WorldCitizen - 4-Aug-16 @ 1:38 PM
I have four kids with an ex partner. We have a court order in place that specifies shared care. It also specifies that we both claim benefitsfor two named children.6months ago we agreed that I would claim benefits for the remaining 2 children with the view that I would give her the benefits since I was unemployed and she was working,Whilst this was agreed one of the children she was previouslyfinancially responsible for wanted to go on a trip that cost over a £1,000. I agreed the payment . My child aged 14 then had an argument with my ex and left the home to live with me. I have been making payments for the trip however my ex has now asked child benefit to pay the child benefit for all children to her. I have informed the child benefit agency that 3 of the children do for the most part vist their mother and spend nights with her on a shared care basis however one child now resides fully with me and may stay with her mother on occasions.Child benefit are now asking for information on how many nights the childrenspend with me and when they leave my care and return to my exs care. I have the following questions : 1) the Residence order states that I should claim benefits for A & B. Can the child benefit agency over ride the Residence ordereven though we share the care equally andpay my ex the childbenefits.? 2) The Residence order specifies that my ex claims for C&Dhowever they agreed that I was the main carer in writing to the Child benefit office who began paying me untill they stopped it when she changed her mind. I have contested this and they are re-investigating.Can they still give her the child benefit for C child who is not living with her.3) Can they pay her the child benefit even though she agreed for me to receive the child benefit for C & D. 4) Is the order still in force even ifa child is not with her. Thankyou Sky
Sky - 4-Aug-16 @ 3:15 AM
Hi - can anyone help me as I am finding myself stuck between a rock and a hard place! I have a contact order with the court that says I get to see my children, now 9 and 11 every other weekend and for longer periods throughout the year as arranged. My ex is a horrible woman and seems to be manipulating my 11 year old daughter into not wanting to see me. This is now the second weekend I have not seen my daughter as her mother says she is sick and doesn't want to come. So I now won't have seen her for a month. As she is 11, am I able to insist that she does come with me for my weekend? Or can I pay my ex half the monthly money if she is only letting me see half my children? I can't even talk to my daughter, my ex has blocked my mobile number from her phone for control purposes. I have rights and I pay her more than the CSA guidelines so I don't accept that she can stop me from seeing my daughter. I don't want this to end up back at court!! Thanks for any advice!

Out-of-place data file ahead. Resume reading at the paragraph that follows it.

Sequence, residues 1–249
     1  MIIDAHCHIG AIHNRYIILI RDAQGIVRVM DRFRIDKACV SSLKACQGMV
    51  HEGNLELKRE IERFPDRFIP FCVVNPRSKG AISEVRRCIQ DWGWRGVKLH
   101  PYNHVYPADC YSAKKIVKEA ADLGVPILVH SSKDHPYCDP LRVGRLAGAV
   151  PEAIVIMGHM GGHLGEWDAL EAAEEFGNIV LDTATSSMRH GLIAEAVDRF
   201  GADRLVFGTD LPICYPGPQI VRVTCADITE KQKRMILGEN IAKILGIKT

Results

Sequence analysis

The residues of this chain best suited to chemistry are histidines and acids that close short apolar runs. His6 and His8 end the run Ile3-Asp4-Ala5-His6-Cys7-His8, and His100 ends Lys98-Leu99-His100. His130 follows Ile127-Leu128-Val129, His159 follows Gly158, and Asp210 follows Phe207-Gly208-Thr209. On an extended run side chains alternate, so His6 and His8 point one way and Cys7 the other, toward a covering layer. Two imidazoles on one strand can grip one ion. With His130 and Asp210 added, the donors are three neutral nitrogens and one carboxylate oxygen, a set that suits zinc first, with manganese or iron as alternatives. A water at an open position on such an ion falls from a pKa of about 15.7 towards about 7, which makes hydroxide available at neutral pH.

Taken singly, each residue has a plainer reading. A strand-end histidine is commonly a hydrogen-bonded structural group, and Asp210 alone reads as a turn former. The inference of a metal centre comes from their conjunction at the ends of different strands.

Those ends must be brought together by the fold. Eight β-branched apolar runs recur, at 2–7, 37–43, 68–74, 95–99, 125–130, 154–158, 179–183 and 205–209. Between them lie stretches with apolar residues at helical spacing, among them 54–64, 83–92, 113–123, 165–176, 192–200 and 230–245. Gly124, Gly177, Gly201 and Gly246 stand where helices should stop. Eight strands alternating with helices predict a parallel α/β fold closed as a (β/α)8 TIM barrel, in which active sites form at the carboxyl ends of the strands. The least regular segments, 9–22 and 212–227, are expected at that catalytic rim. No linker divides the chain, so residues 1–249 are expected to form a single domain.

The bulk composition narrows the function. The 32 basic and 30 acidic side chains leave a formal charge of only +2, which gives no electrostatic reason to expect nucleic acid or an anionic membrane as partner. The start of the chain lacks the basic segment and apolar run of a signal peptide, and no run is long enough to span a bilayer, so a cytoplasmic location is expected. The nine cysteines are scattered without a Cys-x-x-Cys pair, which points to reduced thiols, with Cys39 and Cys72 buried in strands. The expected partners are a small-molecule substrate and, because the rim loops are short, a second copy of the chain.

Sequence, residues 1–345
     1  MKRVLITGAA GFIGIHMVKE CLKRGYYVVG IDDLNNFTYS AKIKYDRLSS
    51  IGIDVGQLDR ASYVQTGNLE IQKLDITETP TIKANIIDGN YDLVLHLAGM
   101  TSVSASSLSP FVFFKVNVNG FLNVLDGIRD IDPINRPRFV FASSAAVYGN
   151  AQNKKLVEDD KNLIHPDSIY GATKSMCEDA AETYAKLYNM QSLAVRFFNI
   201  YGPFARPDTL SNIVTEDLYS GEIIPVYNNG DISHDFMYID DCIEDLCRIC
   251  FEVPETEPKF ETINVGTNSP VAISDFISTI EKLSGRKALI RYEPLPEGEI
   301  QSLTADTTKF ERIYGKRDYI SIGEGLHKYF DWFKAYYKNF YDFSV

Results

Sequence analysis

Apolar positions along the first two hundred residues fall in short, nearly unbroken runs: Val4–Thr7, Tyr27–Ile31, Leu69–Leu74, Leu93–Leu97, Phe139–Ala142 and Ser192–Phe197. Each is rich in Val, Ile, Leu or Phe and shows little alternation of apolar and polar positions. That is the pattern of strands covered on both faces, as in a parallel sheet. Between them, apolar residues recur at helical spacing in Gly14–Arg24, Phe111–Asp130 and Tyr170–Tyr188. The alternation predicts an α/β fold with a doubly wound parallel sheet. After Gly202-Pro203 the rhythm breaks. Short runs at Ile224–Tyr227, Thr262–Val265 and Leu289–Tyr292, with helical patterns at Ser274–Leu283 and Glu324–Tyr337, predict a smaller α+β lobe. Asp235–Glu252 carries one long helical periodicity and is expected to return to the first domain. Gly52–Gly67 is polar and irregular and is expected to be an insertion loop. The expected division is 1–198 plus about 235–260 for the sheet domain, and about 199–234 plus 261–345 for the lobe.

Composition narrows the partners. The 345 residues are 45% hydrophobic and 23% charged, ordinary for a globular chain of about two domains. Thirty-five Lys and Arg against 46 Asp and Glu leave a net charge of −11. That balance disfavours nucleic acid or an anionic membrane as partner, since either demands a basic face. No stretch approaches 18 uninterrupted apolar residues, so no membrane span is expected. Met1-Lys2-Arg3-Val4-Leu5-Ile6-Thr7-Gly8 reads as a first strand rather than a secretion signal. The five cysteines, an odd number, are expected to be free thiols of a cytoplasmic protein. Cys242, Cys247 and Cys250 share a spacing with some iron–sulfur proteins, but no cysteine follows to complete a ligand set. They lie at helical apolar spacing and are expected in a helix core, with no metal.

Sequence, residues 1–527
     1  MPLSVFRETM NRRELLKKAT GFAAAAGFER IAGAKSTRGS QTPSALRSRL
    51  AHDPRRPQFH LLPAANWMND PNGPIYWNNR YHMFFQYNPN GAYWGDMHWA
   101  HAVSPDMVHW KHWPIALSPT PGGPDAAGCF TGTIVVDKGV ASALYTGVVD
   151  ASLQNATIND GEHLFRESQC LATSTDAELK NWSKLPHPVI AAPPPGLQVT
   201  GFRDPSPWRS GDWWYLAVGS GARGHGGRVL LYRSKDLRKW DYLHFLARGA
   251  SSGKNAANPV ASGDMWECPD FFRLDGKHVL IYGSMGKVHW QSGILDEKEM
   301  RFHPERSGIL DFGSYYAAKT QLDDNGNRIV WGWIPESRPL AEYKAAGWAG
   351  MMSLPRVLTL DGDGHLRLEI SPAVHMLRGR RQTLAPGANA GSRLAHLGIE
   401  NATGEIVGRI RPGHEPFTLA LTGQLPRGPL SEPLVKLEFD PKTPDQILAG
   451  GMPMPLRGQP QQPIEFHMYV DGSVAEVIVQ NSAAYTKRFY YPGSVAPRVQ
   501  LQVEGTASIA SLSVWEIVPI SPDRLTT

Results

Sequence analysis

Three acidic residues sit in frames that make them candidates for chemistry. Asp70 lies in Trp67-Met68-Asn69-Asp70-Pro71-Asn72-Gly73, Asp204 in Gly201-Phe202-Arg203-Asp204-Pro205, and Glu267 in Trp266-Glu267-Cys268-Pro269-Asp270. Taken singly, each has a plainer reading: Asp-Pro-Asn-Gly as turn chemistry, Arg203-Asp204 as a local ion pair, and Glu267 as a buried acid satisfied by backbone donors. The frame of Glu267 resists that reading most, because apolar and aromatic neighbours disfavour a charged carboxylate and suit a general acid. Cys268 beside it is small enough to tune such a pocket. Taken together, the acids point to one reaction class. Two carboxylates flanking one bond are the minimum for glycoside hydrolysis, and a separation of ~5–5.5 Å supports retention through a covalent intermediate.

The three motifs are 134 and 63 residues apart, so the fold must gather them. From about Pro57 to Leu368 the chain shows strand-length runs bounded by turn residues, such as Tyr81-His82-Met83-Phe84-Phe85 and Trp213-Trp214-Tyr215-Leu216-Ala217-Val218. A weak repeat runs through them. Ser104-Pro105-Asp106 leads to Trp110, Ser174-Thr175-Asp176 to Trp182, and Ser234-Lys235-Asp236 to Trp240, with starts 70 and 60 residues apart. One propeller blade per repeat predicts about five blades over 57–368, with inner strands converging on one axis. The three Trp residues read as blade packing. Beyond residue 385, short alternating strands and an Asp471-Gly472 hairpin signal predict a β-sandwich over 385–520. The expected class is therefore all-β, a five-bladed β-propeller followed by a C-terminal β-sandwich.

Cbtasr - 30-Jul-16 @ 10:34 AM
Hi my ex has now decided to want 50/50. He has told me he don't want to pay child maintance as he can't afford it but his on a good wage but his got bills and debts to pay for. I mentioned csa and now he wants 50 50 so he don't have to pay. I have 2 kids.4 and 2. I just want to know my rights. Have a I got to accept the 50 50? He is on the birth certificate. What happens if I disagree with it. Will that mean he still have to pay child maintance?
Cheese - 29-Jul-16 @ 12:37 AM
Dannyboy1986 - Your Question:
Hi me and my ex currently have a 6 year old daughter I only get to see her when the mum says so but I would like to have her on weekends

Our Response:
If your ex will not consent to you having your child on a regular basis by mutual arrangement, you can either suggest mediation to your ex, please see link: Mediation: What is it and is it For Me? here. If your ex refuses or if mediation is not succesful, then you would have the opportunity to take the matter to court. However, court is usually seen as a last resort as it can be a stressful process all round. So, if you can negotiate amicably between you or via mediation then this would be the easier solution.
SeparatedDads - 28-Jul-16 @ 12:45 PM
Hi me and my ex currently have a 6 year old daughter I only get to see her when the mum says so but I would like to have her on weekends
Dannyboy1986 - 27-Jul-16 @ 7:29 PM